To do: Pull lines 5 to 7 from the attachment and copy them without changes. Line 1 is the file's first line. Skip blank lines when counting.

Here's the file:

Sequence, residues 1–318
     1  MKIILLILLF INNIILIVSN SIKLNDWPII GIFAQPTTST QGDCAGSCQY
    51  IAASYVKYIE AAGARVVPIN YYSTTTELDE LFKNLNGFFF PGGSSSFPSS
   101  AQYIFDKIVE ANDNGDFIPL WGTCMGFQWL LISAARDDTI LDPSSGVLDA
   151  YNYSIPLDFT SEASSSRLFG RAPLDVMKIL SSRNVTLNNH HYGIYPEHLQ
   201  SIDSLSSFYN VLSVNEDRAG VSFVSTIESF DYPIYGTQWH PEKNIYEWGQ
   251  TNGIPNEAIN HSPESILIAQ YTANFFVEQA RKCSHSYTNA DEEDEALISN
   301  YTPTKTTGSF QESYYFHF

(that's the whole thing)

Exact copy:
   151  YNYSIPLDFT SEASSSRLFG RAPLDVMKIL SSRNVTLNNH HYGIYPEHLQ
   201  SIDSLSSFYN VLSVNEDRAG VSFVSTIESF DYPIYGTQWH PEKNIYEWGQ
   251  TNGIPNEAIN HSPESILIAQ YTANFFVEQA RKCSHSYTNA DEEDEALISN